Since my original review, I have ordered 4 boxes as described.  You can read some more user feedback on the forum version of this review.

Quest is available for purchase (and auto-delivery) from the Quest Website as well as many retailers.  It has not yet reached brick-and-mortar store shelves, but the aforementioned $21.49/box sale is at Get Ripped Nutrition.

Lastly, but not least, THANK YOU Quest for the samples!


If you haven’t read Part 1, start there.

Reminder that this will be a fluid list – I will add things I’ve left out and update as more information becomes available. 

Moving on – I’ve left you knowing that supplements are FAR lower on the list of priorities than things like your diet and workout program.  I’ve also let you with some knowledge of where to get your info and where NOT to get your info.  Now I’m going to give you what you probably were looking for in the first place: supplements that you CAN take.  I say can because I can never say you SHOULD take supplements, they simply are not needed.

I’m going to break this down by categories first.  I’m not going to talk specific products here, and only touch on particular ingredients.  Eventually, I will write individual articles on each category and link them here.


PROTEIN: Supplemental protein is the most basic and widely heard of category of dietary supplements.  While you do need to take precaution that a company is reputable enough to meet label claims, it is basically true that protein is protein.  It is always best to try to get all of your protein via diet, but I understand especially well as a college student that this can be both difficult and expensive.  For those times, you have supplemental protein.  Whey, casein, rice, etc. doesn’t matter.  The only one to avoid is soy.  This has been shown to have an estrogen increasing effect in men.  However, don’t worry about moderate soy intake in foods – just don’t make it a primary source of protein and you’ll have no issues.  The final word of advice on these is not to buy the hype that you must take protein immediately post-workout, before bed, or any other particular time.  As I told you in my diet article, there is no evidence that nutrient (protein is a nutrient) timing is of relevance to non-endurance athletes.  As long as you consider protein as a food source and try your best to consume all of your protein via whole foods, I can say that supplemental protein works without reservation.  Just try to find one that tastes good and you enjoy drinking.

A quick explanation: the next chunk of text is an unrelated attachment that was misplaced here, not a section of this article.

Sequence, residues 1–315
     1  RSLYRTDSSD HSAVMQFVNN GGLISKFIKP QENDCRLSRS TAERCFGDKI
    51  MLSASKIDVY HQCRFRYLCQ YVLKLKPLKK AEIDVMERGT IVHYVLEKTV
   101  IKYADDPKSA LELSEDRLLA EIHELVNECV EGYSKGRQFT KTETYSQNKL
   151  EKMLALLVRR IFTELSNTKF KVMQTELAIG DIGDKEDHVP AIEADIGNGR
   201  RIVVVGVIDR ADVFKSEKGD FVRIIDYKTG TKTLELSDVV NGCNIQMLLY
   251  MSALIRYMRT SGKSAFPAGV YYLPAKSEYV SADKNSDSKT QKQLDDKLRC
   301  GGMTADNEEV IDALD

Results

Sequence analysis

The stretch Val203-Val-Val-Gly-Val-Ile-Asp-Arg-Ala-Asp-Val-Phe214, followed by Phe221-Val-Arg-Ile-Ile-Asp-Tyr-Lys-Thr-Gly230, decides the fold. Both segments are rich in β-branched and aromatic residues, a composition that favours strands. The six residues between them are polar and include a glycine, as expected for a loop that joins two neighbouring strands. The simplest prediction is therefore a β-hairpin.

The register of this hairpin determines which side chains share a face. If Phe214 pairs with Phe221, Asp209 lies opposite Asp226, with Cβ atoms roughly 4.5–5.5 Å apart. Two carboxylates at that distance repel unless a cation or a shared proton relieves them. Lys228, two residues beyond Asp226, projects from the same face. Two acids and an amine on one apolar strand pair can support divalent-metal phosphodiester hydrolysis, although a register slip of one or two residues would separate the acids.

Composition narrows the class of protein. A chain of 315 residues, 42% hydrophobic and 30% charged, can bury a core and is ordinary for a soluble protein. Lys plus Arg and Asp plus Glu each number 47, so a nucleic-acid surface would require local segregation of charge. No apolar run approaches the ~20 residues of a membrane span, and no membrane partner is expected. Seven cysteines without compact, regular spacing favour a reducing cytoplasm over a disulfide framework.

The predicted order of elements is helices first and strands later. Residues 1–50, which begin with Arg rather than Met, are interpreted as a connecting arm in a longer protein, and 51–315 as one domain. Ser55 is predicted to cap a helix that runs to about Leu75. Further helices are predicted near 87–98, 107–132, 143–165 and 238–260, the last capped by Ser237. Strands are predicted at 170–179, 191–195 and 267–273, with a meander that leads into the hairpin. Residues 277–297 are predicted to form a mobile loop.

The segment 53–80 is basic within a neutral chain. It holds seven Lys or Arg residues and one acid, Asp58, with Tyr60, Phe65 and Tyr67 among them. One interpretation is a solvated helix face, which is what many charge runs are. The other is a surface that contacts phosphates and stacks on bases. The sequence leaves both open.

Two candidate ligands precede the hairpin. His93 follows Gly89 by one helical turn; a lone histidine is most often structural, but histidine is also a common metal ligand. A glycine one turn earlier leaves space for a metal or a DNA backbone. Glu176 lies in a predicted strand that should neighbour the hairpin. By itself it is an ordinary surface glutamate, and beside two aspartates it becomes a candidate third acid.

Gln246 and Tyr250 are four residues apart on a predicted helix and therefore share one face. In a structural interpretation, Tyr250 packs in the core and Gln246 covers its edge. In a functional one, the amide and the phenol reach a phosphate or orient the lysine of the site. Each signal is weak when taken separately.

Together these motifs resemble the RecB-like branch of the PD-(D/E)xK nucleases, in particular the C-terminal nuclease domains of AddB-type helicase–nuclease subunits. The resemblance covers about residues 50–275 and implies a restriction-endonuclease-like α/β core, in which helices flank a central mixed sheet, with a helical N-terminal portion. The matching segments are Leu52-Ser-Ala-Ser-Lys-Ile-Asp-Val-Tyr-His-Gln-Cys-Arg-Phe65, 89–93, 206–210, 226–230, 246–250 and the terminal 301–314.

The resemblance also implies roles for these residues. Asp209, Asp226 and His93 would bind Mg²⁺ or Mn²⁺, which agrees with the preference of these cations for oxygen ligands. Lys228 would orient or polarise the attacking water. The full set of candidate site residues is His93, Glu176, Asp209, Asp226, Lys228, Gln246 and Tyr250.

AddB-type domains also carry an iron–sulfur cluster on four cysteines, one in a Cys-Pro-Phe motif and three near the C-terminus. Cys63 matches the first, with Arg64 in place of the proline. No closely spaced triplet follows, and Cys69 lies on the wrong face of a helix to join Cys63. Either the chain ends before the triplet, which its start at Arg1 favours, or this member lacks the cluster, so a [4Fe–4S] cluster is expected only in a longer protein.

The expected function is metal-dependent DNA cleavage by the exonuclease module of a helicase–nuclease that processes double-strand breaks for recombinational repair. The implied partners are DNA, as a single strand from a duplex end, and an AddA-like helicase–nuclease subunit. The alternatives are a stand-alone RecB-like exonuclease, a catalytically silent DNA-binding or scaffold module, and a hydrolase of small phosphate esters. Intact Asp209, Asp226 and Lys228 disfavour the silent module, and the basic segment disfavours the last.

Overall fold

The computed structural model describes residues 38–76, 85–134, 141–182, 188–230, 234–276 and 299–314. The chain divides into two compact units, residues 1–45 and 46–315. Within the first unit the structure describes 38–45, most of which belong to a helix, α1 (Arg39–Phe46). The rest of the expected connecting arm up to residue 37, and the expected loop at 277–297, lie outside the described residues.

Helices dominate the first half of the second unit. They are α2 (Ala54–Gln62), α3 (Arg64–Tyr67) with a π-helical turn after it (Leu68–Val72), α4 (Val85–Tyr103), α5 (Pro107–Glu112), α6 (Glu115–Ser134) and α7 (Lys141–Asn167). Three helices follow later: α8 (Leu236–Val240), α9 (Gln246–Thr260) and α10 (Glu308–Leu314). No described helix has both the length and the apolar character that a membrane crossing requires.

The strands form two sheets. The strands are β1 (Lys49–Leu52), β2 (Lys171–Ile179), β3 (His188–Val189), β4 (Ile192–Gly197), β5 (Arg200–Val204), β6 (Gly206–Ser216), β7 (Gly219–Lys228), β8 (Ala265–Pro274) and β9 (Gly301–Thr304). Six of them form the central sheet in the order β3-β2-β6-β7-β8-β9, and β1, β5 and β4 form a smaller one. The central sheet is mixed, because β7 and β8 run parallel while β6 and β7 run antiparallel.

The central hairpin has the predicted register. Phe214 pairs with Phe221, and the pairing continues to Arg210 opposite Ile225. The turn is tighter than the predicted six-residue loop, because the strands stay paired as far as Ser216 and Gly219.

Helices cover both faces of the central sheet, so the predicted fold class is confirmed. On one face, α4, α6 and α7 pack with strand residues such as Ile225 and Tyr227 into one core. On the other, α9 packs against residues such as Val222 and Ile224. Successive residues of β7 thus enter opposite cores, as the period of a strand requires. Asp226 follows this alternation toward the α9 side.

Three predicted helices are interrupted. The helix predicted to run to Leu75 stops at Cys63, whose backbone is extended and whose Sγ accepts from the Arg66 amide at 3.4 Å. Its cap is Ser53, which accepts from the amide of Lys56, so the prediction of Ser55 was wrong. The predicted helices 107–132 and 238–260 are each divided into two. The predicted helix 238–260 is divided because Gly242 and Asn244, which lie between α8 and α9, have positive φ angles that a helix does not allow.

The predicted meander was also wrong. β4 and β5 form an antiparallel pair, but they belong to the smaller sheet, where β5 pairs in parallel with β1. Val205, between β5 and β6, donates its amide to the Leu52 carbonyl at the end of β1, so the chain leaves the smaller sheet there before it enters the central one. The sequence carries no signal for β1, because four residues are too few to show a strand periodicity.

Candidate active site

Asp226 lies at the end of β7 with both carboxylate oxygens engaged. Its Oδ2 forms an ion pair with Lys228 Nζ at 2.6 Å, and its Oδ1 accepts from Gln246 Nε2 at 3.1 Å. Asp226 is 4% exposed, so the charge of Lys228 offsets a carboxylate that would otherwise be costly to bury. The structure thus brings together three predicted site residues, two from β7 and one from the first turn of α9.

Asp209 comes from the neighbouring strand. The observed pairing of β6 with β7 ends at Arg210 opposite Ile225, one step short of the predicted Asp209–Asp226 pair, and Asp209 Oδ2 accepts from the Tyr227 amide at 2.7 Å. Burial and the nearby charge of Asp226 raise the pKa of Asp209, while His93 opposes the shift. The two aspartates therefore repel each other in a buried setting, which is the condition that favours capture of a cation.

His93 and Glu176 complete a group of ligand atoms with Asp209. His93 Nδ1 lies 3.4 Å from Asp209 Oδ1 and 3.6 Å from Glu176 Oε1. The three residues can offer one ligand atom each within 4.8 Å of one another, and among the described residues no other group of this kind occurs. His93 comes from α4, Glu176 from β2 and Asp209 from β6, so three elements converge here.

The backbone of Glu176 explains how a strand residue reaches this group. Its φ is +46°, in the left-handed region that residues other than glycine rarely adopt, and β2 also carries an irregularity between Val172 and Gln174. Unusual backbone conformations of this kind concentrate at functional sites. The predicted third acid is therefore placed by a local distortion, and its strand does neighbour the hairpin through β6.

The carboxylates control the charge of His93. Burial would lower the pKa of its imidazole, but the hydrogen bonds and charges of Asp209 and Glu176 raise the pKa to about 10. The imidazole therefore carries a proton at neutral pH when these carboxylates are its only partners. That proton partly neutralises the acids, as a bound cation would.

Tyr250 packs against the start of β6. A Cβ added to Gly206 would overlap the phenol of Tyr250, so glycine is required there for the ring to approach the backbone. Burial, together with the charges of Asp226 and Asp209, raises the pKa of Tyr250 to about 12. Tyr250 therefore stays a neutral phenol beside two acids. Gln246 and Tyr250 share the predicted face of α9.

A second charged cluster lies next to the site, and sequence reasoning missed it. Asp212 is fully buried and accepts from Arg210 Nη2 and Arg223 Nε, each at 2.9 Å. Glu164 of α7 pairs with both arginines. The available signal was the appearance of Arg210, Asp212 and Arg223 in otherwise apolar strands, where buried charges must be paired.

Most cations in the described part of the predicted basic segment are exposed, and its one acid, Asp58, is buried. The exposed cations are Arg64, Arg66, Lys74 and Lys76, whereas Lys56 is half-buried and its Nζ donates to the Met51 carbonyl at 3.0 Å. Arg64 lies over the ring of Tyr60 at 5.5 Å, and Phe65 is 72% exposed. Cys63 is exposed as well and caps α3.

CREATINE: Creatine is a supplement that works.  However, it is a very misunderstood supplement so let’s discuss that quickly.  For one, it is completely safe.  Those that associate it with liver/kidney issues are misunderstanding medical signs.  To ease your fears, I will try to explain this – creatine supplementation will increase creatinine (see the spelling difference) levels in your system.  For non-supplement users, raised creatinine levels can be a sign of a medical issue.  Raised creatinine is an effect of a medical condition, not the cause of it.  Therefore, the increase in creatinine from creatine use is harmless.

Moving on from that, creatine is the most studied dietary supplement, ever.  It definitely works and it has become very affordable.  You need to know that there are different kinds of creatine, though.  The most common and arguably best form is creatine monohydrate.  It is cheap, effective, and most proven.  There are other “designer creatines” that vary in their cost, effectiveness, and prevalence.  The one of these to avoid is Creatine Ethyl Ester (CEE) – this has been proven ineffective.  Why use something other than creatine monohydrate?  There is a possibility that some people are pre-disposed to be nonresponders to creatine, and some of these other forms may help non-responders in particular.  Likewise, some good “designer creatines” may help speed absorption.  If you must get a more expensive form, try these: magnesium creatine chelate (MCC) and/or creatine malate.

The last bit on creatine is usage: for creatine monohydrate, the basic guideline is 5 grams daily.  There is no loading phase and there is no need to cycle it.  You will reach saturation after about a month and there isn’t a way to accelerate this (more isn’t better).  Once you are saturated, it won’t take as much to stay saturated but nonetheless it may be simpler to keep going at 5 grams daily.

A warning – this is not steroids.  You will not get some huge 30 pound increase on your bench press in a month or get some notable physique change.  The main effect you should notice is an added rep or so in moderate rep sets (4-6 reps).